When I was in the hospital, four months ago today, I was lying face up in my hospital bed looking at two things, a white board with various names and numbers written and erased on it, and above the white board,a large clock. I could also see the door to the right where people came in and left, the bathroom door and when I turned my head left I saw the sun come up out the large window, like an broken egg, over a vast view of fields and sky. I slept for two hours, then woke for an hour, slept one hour, three hours. I listened to music with my headphones and called for a nurse to heat up soup. I sat on the edge of my bed feeling pain from what I imagined resulted from blood rushing down my swollen, wrapped leg in its brace; fluid going with gravity filling the wounds. I tried to explain my pain to the nurse. “There’s no pain in bed, just when I move.” I said. “She’s never had surgery before,” The nurse told the doctor.
The first night a nurse wrote the name of my surgery: “tibial plateau fracture surgery,” and described the screws and plates in my leg. She wrote her name on the board and asked me what did I look forward to, in the future, when I was out of here, when I was better? I just went along with it, and through my sleepy gaze I watched her write what I said. “Walking the dogs.” It would be so long before that happened, so I might as well not even consider it. I was glad for her effort, and I tried to stop my tears. “No problem, honey,” the nurse said. You’ll have no problem walking your dogs. I promise.”
There was something that was my life, and it wasn’t this, was the implication I think. The writing on the board was supposed to motivate me to swing my legs and push my body out of this hospital bed. The physical therapist said, “The longer you’re in this bed the harder recovery is,” and had some sort of mathematical formula. Like one night in the bed equals one month recovery. I read the board when I woke through the day and the first night. When I was too drugged to go home, I read it when I woke the second day and night.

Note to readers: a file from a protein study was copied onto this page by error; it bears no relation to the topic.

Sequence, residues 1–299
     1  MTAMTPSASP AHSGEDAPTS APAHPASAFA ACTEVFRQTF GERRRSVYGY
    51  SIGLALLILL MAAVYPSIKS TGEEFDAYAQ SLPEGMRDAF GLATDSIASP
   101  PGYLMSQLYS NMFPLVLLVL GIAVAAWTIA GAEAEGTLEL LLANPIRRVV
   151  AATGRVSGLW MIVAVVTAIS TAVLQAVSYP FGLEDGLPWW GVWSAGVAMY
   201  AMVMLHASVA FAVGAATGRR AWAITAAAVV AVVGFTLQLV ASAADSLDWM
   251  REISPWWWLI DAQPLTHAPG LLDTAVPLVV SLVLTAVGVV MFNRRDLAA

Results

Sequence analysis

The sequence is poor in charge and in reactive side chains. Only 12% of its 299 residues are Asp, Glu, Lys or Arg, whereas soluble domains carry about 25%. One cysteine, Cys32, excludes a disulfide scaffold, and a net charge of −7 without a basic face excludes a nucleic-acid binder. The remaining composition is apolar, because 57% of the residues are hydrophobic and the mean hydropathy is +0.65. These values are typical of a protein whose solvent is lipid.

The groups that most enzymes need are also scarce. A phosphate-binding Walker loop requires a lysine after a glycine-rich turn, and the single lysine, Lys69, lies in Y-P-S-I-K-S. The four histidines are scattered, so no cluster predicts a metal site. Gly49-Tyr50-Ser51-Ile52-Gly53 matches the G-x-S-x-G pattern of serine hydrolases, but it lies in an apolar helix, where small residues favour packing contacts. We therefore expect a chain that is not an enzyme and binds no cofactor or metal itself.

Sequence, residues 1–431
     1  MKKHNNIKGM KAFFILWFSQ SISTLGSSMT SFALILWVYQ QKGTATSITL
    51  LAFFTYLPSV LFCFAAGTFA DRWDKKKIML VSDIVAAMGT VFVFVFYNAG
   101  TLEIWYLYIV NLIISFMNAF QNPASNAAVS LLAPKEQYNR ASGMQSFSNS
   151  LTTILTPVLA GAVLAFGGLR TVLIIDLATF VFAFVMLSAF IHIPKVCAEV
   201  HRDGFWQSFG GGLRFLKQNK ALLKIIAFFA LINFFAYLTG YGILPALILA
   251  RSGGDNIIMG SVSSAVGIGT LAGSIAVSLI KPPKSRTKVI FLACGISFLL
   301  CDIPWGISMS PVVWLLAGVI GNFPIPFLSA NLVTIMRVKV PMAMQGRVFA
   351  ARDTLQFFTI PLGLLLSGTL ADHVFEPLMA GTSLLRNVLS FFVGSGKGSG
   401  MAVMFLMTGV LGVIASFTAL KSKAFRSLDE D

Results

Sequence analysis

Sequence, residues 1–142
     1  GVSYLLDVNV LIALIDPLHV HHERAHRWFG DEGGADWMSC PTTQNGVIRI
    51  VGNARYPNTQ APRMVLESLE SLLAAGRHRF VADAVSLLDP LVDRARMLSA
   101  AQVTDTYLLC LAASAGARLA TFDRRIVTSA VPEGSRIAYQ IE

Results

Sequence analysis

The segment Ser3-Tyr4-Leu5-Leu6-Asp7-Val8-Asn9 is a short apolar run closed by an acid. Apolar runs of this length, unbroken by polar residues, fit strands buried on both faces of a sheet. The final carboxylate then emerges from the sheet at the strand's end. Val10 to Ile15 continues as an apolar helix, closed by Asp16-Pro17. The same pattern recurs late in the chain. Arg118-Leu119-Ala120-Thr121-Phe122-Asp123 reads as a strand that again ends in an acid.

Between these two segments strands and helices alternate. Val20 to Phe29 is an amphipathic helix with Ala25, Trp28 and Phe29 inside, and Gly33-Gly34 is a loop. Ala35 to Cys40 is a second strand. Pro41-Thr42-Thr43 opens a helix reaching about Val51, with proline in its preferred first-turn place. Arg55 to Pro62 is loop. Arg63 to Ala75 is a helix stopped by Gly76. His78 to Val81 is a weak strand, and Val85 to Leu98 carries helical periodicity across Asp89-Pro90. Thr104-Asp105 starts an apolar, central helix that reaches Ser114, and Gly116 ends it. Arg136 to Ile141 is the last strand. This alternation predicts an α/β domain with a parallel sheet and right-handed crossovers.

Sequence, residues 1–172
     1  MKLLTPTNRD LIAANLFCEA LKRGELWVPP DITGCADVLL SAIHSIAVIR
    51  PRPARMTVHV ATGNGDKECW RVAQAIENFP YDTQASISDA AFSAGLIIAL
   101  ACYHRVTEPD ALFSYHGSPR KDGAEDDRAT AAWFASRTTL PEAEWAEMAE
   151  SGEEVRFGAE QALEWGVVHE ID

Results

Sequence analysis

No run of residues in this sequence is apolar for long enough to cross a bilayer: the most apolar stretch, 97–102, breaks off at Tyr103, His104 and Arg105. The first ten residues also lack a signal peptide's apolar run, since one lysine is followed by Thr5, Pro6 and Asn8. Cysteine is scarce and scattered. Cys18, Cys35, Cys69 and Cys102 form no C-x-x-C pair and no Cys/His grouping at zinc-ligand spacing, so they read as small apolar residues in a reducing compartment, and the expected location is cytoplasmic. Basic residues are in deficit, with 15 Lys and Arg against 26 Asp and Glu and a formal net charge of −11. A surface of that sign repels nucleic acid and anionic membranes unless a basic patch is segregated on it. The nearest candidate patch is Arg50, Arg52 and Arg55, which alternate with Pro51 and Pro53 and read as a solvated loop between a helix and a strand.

Today, the Solstice, I loaded the pups into the back seat of Veronica Speedwell (my Honda fit), turned the key, pressed the clutch (with minimal pain) and drove to meet Karin at Union Reservoir. She’s been walking the dogs so much that they have a little routine with her. I never had a moment where I felt ecstatic and I said, “walking!” I’ve had many small moments: I can walk while grazing my hand along the wall. No pain in my knee today. Less swelling. I can see veins, I can open the garage door, step up the back steps, carry the litter box.
I’m learning to swing my leg from my hip and bend my knee and ankle, push off my left toes. I try not to hike my right hip up. I try to go smoothly over roots and gravel and step in dry places between patches of ice. (My foot moves all together, like a hoof). When I flex my toes, pain shoots up the arch of my foot. People think I’m a walking person with a limp. I’m a person who hasn’t touched down for three months and now I’m filling my muscles with my body’s weight.
The water’s low, grasses brown. Hardly anyone’s here. The sun comes out for a moment. We make it to the secret beach with the reeds. I walk so slowly that Jake sort of runs and then sits to wait for me, then runs and sits. Chloe pulls so I give her leash to Karin. I’m clumsy at it but there’s less ankle pain then yesterday.
When we get home, the dogs and I sleep like we’ve been walking all day. I walk out front after sunset and look Southwest where people say Jupiter will be low in the sky with Saturn. I see it.
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